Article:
The Nationwide Tour that’s Helping Women Win – Together

A well-respected figure in the literary world, Jennifer Rudolph Walsh is known for running the Worldwide Literary Department at William Morris Endeavor (WME), and has been named to the Hollywood Reporter’s Women in Entertainment list for five consecutive years.


If that wasn’t enough, lately she’s been tackling an entirely new challenge: launching a new event series and community-based movement, Together, aimed at women. The Together tour features, “a voice for every single type of perspective,” as Walsh puts it.


For as long as she remembers, she’s been in love with storytelling, so it seemed natural for her to dedicate her entire life to storytellers and their “vulnerable truths.” Walsh has a penchant for being tuned in to authentic voices. “When I hear it, I know it.” She has a near messianic desire “to spread the light of truth.”


In a lot of ways, Together is organized around the principle that everyone needs purpose. “Purpose is not just something for famous people,” says Walsh “Every single person needs a purpose. It’s a necessity.” She believes it’s incredibly vital to people’s well being.


The Inspiration to Create a Movement
After helping create Arianna Huffington’s Thrive conference and Oprah Winfrey’s The Life You Want tour, Walsh uncovered a newfound passion for the power of live events.


At the same time, she discovered there was a market need. The energy of these tours and conferences often waned afterwards; there was no mechanism for keeping continuity with this community that had been created. Walsh would work on these large-scale events but then when she got home, she crashed back to reality. She began thinking of an event series could keep that excitement going afterwards, so that “when we come back to your town next year, it’s like a reunion.”


At the same time, the conference might not even be an annual thing. “I’m not convinced about annual,” she says – not because of a lack of interest, but perhaps because there’s too much interest to wait a year. One company in Portland, for example, said if Together came back sooner, they’d buy out the whole theater. “Maybe it’s twice a year. Maybe it’s three times a year.”


Eager to sustain that type of community in between live events, Walsh dreamt up Together, an annual “unconference” that brings women of different backgrounds together to support one another in the name of change. Moreover, Together would be designed to become a community post-event. To ensure the conversation keeps going post-event, the tour is accompanied by an app, Together Live, designed to foster community over the long-term.


The Tour so Far
Together, which kicked off in September 2016 across six US cities (tickets are still on sale for its final stops in Atlanta and Denver), considers itself to be “flipping the script” on typical women’s empowerment events. Those events tend to be focused on topics such as breaking the glass ceiling, work-life balance, and “leaning in.” By contrast, Together frames itself as a generation and background-agnostic attempt to bring women together in the name of “action, love, well-being, and connection.”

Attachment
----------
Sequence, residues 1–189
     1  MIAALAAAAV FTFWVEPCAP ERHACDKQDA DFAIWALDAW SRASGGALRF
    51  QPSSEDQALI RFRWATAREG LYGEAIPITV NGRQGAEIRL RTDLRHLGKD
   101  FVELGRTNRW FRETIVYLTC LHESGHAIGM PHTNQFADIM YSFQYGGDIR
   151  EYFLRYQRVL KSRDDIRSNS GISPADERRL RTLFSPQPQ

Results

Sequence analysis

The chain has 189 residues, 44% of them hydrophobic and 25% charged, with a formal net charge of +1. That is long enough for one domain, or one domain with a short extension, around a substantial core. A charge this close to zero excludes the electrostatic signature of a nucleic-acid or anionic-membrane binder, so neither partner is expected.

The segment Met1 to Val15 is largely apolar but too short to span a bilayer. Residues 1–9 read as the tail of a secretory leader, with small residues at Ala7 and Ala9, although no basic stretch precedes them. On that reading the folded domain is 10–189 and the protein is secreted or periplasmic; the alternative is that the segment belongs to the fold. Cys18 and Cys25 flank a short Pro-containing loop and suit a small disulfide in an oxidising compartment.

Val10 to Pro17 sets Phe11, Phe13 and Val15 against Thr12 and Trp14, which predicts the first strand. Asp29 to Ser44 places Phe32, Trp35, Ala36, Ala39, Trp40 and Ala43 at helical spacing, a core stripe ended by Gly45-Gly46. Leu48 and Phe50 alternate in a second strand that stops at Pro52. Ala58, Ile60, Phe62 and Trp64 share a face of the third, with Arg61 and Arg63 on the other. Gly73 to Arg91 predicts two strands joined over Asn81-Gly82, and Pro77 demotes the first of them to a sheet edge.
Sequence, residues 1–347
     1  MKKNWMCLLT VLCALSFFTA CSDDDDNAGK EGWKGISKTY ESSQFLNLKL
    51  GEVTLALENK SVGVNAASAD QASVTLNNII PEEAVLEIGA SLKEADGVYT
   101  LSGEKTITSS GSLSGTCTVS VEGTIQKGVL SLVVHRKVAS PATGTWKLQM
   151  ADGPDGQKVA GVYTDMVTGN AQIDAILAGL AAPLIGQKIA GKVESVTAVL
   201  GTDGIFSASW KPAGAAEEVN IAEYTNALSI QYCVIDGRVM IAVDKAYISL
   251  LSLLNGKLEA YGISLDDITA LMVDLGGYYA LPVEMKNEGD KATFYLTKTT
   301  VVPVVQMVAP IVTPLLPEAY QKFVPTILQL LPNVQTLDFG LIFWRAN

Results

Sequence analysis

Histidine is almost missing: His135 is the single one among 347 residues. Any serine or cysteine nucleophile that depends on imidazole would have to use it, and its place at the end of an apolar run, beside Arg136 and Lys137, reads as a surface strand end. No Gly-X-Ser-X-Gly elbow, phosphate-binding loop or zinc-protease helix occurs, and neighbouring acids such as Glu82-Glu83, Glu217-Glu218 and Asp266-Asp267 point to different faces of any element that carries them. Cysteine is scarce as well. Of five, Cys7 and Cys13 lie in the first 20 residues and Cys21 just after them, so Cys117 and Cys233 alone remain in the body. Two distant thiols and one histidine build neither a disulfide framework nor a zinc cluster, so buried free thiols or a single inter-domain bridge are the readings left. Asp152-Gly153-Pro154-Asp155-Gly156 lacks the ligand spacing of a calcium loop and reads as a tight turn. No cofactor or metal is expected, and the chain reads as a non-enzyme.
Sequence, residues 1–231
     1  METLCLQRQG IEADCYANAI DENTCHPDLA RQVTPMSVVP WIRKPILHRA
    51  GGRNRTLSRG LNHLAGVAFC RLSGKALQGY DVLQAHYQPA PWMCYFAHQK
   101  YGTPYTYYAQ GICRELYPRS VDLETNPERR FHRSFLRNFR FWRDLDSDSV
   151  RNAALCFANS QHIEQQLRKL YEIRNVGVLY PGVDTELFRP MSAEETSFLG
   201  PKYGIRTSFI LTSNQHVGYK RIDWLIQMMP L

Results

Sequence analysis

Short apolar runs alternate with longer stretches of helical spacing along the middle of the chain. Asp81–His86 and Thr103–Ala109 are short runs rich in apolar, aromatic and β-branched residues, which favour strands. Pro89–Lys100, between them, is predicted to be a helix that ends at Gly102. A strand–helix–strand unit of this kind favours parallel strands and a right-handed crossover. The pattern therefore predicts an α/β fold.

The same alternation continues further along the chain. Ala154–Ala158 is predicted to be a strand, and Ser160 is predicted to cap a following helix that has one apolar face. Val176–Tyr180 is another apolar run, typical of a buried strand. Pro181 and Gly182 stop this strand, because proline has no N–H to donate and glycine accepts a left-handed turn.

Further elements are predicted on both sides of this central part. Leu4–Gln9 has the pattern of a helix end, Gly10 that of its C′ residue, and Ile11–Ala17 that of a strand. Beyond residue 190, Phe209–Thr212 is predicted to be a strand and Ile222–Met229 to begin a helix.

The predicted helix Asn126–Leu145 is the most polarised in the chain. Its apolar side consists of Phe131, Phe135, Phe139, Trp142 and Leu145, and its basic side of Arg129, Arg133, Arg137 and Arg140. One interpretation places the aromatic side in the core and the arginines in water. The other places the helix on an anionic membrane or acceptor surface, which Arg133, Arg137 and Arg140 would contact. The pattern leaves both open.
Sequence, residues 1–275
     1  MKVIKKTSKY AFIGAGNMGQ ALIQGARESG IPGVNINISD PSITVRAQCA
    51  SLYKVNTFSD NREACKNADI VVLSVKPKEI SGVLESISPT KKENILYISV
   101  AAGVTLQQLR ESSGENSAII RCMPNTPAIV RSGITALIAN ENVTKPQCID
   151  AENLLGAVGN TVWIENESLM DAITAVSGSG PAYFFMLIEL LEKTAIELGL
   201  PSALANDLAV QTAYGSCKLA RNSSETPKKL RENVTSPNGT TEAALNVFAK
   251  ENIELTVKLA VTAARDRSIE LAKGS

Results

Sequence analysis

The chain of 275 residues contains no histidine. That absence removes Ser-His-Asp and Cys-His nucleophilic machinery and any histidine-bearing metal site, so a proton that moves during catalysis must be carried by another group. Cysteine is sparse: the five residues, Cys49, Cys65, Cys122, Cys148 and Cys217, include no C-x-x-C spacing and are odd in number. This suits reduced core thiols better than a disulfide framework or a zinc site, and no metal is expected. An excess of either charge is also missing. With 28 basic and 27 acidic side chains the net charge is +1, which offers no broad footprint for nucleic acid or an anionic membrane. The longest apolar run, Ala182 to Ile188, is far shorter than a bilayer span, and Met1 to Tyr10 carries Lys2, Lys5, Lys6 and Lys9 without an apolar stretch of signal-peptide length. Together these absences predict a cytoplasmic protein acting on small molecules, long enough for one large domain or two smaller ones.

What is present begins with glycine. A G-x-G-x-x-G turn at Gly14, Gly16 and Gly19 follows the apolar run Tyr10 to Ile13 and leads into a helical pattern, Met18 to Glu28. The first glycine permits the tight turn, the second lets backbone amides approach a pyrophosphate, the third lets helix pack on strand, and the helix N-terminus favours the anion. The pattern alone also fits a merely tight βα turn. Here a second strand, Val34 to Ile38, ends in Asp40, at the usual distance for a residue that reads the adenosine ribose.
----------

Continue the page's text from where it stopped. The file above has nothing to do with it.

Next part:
The Together tour features a diverse set of inspirational speakers such as author Glennon Doyle Melton, internationally celebrated yoga teacher Seane Corn, filmmaker Valarie Kaur and activist Reverend Dr. Jacqui Lewis. Moreover, each city Together visits features special guests: Alicia Keys recently joined the tour in Brooklyn.


Lessons Learned
Unsurprisingly, putting on an event series isn’t child’s play. Plenty of mistakes are made along the way, so Walsh has had a chance to learn from previous events she’s worked on. One event went on sale four months early, which was a big mistake in her eyes: these days, most people are unwilling to commit to just about anything that far in advance. Another good lesson: a lower price point makes sense if you’re trying to make something inclusive.


Most conferences of this type are focused on limiting space and including serious price tags; Walsh leaned in the opposite direction when creating Together, with prices as low as $25 for admission. “I can’t say this is about building together, healing together, if it’s not inclusive.” Together’s embrace of inclusiveness is mission critical to her, which led her to seek out sponsors like Life Reimagined by AARP and State Farm. Of course, WME has also been a huge proponent of the Together conference.


Thinking Long-term
Walsh’s advice to others looking to starting a movement: it has to be close to your heart. In many ways, it’s a labor of love – and without that love, the hours of hard labor won’t seem worth it. After all, most labors of love tend to be additional projects intrapreneurs and entrepreneurs take on in addition to their typical workload, and Walsh is no exception. She sits on WME’s board; moreover, her department accounts for more New York Times bestsellers than any other literary agency in the world: sixty percent, by some accounts. She has worked with some of the biggest names in the literary industry, including Ann Brashares (Sisterhood of the Traveling Pants), Ken Burns (The Civil War), and Marcus Buckingham (First Break All the Rules), among many others.


Despite all of that, Together is a long-term focus for her. “I want this to be global,” she says. “I want people to be renting RVs to get here.” Down the line, she’s love to even use virtual reality to improve accessibility – and what’s a better way to bring a community, well, together?


Does this sound ambitious? Probably. “People said you can’t do all things,” says Walsh. “Well, watch us.”

Recent Posts